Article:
OPEN TO ALL #RSE CURRENT/NON-CURRENT STUDENTS, Today at 7:00pm PDT, Dr. Matt - Horizontal DNA transfer and more:
Click here to read article

Was Jesus of Nazareth married and fathered a child? Ramtha says yes!:
Click here to read article

Astonishing results to make old people young again – Ramtha: “Your Thoughts Matter… Literally”:
Click here to read article

"Lone wolf seen wandering the streets in the Dutch town of Kolham" first time in 150 years added to #Ramtha on this:
Click here to read article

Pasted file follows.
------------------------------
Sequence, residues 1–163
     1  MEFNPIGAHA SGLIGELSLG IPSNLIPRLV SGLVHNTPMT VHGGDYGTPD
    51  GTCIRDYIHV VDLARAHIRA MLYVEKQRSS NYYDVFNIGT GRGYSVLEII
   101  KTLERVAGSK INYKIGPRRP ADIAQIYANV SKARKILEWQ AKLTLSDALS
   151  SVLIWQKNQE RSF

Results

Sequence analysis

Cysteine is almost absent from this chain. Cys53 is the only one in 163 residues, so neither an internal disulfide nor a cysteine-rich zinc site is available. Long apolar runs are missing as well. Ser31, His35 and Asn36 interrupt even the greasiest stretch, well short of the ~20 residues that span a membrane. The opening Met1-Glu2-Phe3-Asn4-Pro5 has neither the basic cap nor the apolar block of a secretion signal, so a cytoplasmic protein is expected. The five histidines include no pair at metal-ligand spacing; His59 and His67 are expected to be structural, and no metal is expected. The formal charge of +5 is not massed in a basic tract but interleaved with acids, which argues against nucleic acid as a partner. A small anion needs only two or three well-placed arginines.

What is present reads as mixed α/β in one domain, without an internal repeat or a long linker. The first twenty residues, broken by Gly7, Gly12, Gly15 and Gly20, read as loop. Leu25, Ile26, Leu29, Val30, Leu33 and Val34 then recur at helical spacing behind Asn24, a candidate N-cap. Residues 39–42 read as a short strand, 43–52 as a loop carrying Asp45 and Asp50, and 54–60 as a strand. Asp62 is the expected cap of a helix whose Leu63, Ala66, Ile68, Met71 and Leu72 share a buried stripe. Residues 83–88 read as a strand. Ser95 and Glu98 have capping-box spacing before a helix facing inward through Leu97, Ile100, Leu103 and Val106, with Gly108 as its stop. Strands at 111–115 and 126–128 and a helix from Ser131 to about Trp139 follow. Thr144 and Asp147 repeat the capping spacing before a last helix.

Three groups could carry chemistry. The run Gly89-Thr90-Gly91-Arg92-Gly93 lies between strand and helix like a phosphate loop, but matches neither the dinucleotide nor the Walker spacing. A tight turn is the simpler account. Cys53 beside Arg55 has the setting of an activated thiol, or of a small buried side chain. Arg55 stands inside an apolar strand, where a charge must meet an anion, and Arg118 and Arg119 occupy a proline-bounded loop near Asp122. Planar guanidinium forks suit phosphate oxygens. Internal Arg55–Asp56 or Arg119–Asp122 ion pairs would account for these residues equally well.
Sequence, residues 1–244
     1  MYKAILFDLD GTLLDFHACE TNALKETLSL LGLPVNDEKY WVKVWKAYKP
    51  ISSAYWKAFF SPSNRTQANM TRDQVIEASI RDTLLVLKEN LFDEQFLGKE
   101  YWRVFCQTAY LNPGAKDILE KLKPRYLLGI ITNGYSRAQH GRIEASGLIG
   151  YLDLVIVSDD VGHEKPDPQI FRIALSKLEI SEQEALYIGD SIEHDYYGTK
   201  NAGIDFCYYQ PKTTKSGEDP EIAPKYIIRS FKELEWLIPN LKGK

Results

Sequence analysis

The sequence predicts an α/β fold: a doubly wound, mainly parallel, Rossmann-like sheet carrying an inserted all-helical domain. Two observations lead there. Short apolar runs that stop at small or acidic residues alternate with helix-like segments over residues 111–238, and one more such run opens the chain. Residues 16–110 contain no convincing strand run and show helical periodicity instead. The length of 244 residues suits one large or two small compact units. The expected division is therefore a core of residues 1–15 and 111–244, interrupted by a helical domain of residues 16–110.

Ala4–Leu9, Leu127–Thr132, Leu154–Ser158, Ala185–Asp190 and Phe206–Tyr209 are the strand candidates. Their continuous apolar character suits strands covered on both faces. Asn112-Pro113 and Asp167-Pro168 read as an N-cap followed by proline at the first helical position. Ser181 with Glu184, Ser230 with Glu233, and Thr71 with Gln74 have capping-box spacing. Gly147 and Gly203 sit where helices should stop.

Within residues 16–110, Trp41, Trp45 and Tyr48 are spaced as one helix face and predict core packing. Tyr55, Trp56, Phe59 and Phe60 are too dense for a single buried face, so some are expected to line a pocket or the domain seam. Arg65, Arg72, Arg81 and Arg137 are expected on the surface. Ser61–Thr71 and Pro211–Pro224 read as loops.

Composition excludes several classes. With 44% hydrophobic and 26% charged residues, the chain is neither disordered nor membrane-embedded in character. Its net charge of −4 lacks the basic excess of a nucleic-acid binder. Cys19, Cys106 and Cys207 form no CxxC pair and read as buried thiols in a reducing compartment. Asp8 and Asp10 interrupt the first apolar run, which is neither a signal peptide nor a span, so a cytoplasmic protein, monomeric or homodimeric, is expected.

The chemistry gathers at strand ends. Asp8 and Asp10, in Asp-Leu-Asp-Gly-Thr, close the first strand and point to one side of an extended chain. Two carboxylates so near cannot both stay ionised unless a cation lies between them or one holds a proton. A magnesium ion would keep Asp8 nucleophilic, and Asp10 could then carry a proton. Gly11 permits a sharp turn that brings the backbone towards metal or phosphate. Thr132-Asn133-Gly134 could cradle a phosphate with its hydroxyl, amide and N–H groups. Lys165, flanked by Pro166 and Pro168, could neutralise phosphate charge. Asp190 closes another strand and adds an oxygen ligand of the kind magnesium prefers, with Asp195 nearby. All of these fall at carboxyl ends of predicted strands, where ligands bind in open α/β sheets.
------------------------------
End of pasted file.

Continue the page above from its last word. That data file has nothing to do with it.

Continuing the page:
"#Ramtha - Your Thoughts Matter... Literally" from #SuperConsciousness:
Click here to read article

Two dynamic Lecture Series speakers this week - OPEN TO THE PUBLIC (Live-stream only):
Click here to read article

#RSE New and Recommended Books and New Items!
Click here to read article

Click here for more

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Ramtha quote copyright 2011 JZ Knight. Used with permission.
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Credit for creation of this newsletter comes to you from: Ben Mann